A Pound Each Day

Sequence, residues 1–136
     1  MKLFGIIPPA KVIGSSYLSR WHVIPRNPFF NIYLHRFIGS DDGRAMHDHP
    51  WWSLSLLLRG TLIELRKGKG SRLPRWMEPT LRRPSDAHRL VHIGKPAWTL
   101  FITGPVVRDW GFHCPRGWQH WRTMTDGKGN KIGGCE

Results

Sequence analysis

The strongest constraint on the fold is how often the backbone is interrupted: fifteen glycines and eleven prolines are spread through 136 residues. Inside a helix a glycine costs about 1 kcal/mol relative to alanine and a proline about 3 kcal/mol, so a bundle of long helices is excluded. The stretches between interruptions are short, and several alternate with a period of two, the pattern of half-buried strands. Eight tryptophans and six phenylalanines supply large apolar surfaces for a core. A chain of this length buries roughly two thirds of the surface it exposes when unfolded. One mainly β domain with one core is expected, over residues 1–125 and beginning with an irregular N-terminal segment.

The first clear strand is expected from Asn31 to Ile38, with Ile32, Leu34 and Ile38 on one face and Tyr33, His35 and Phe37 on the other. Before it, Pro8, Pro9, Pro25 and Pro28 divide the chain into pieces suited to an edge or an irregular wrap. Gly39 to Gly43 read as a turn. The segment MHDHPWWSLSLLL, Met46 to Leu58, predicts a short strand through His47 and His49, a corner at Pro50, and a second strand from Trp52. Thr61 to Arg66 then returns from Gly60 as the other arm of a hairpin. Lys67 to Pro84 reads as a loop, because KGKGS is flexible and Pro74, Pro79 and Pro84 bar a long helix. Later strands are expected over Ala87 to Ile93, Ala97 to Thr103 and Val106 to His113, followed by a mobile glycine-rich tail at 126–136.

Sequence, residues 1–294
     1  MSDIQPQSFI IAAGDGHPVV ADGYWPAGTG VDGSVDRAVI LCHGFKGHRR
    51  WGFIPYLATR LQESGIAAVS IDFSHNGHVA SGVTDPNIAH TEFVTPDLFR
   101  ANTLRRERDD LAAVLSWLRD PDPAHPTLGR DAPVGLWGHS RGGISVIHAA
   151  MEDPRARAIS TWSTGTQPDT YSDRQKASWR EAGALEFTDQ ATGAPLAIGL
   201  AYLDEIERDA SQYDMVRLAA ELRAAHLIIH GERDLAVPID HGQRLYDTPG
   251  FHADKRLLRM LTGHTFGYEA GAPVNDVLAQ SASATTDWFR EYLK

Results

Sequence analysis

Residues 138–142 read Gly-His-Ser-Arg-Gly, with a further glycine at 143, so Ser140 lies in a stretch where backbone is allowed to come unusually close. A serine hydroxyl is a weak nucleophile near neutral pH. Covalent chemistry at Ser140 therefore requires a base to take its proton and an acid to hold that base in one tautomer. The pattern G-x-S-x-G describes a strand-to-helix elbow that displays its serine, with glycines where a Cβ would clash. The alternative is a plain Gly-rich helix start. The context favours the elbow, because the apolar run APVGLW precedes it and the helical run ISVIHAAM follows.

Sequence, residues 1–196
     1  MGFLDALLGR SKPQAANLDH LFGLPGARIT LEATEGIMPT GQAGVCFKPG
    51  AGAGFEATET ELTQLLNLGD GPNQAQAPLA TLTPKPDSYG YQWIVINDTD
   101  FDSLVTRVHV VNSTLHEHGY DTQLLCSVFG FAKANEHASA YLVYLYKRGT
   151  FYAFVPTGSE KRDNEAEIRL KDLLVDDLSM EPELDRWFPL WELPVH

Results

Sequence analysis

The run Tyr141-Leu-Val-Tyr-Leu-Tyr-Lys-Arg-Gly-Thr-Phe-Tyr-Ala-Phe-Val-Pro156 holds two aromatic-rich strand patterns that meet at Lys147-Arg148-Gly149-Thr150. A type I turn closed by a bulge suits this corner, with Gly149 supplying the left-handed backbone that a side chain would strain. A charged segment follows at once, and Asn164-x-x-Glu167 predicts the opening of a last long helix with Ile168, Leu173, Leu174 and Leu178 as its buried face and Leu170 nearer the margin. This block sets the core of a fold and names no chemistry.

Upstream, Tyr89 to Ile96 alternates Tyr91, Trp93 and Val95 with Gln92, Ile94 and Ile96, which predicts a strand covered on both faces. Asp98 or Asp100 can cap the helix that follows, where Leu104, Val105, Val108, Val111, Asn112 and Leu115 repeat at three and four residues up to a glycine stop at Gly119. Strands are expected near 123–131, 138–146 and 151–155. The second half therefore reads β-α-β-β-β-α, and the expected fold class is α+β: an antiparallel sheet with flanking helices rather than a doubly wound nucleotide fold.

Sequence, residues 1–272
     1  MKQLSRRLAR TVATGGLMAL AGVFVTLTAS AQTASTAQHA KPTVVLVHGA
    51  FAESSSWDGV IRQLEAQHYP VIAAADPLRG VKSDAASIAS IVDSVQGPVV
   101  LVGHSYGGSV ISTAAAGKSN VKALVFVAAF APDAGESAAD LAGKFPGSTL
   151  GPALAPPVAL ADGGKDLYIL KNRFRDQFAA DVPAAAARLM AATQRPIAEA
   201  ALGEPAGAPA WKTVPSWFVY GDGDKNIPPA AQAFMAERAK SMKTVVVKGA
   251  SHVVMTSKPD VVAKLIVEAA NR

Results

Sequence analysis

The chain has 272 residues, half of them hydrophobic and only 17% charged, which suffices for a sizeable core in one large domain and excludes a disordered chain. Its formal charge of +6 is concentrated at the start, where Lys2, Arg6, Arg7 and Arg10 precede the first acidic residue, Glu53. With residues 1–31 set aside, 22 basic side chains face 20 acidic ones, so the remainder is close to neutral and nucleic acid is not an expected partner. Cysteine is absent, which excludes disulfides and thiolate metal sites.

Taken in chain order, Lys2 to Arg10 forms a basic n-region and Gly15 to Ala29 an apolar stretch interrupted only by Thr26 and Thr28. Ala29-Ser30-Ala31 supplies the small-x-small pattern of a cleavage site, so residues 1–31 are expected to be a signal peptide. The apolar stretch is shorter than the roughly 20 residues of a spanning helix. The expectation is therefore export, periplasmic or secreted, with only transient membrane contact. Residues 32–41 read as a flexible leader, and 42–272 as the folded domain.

The Columbia Journalism Review piece under this link reminded me of how important great writing was to the environmental movement of the late 1960's, and how crucial it is to the future. Question-to-self on completing Marla Cone's essay, "The Unbroken Chain": how many TreeHugger readers have finished Silent Spring, the baseline for her essay? And, would a they grasp Cone's subtleties if not? It's a question that's hard to depersonalize, as Cone's work references her home town, site of one of the largest historic accumulations of PCB waste in the nation, the cleanup of which I long ago managed. Ms. Cone breaths personal immediacy in and exhales Carson's rational framework out, flowing them together very nicely in a modern context. Even if you've not read the legacy piece, her essay is, I think, quite accessible and worthwhile.As for the cryptic pound-a-day headline, here is the explanation. It's the order of magnitude at which hydraulic fluid and cutting oil containing PCB's went, for many years, into the harbor at Waukegan IL, leading to a controversial and expensive cleanup decades later. Those steady drips, backdrop to Carson's classic book and the the essayist's youth, still echo. "Don't Eat The Fish" signs frame rows of elegant yachts that symbolize more poise than poison. Relevancy demands reading.